Superresolution on the SPOT: Imaging Achieves Optical Sectioning

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A technique called SPOT (spectrum and polarization optical tomography) is providing researchers with a “street view” of lipid membranes surrounding cell organelles, thereby allowing insight into lipid dynamics. The work is the result of a collaboration between Peking University and the University of Technology Sydney-Southern University of Science and Technology (UTS-SUStech) Joint Research Centre for Biomedical Materials and Devices.

The lipid membranes surrounding organelles play a vital role in a cell’s dynamics, though their study has proved challenging due to the limitations of superresolution microscopy techniques.

“Their shape, composition, and phase synergistically regulate biophysical membrane properties, membrane protein function, and lipid-protein interactions,” said lead author Karl Zhangao of UTS-SUStech Joint Research Centre. “However, it is challenging to observe such a level of complexity due to their similar chemical composition.”

In using a dye that universally stains lipid membranes, SPOT is able to simultaneously reveal lipid membrane morphology, polarity, and phase from measuring the intensity, spectrum, and polarization, respectively. In tandem with lipophilic probes, the team successfully revealed more than 10 types of organelles simultaneously, enabling them to reveal the lipid dynamics.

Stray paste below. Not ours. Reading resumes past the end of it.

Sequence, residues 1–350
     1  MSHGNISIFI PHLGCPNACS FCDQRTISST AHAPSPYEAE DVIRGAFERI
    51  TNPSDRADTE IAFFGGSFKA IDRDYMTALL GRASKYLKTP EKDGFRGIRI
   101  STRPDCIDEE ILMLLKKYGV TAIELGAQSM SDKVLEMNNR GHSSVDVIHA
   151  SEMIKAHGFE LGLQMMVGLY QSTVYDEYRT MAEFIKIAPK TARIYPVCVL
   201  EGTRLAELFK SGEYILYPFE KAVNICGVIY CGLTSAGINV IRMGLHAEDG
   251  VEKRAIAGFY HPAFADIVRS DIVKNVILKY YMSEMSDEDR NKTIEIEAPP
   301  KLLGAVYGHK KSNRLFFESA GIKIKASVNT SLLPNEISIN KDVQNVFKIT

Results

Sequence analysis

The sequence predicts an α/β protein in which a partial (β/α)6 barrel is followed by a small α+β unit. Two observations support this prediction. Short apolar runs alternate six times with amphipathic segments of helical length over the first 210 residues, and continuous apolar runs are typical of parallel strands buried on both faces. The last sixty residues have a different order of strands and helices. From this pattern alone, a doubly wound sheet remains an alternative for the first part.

With the platform established at SUStech, the researchers observed the multiorganelle interactive activities of cell division, lipid dynamics during plasma membrane separation, tunneling nanotubules formation, and mitochondrial cristae dissociation.

Time-lapse high-dimensional super-resolution imaging of the late-stage division of two U2-OS cells. Courtesy of Karl Zhanghao et al.
Time-lapse high-dimensional superresolution imaging of the late-stage division of two U2-OS cells. Courtesy of Karl Zhangao et al.

“This is the first time researchers have been able to quantitatively study the lipid heterogeneity inside subcellular organelles,” said senior author Dayong Jin, director of the UTS-SUStech Joint Research Centre and director of the UTS Institute for Biomedical Materials and Devices. The method, he said, will advance the knowledge of how cells function — for example, diagnosing when a transportation doesn’t work properly within a cell and monitoring the progression of disease.

“With such information it isn’t too big a leap to identify pathways for potential drug treatments, as well as examine their efficacy right on the SPOT,” he said.

The research was published in Nature Communications (

Published: November 2020
Research & TechnologyAustraliaImagingoptical tomographysuperresolutionsuperresolution imagingfluroescencedyeorganelleorganellescellular organelleslipidlipid dynamicscellular imagingmembraneNature CommunicationsSUSTechBioScan

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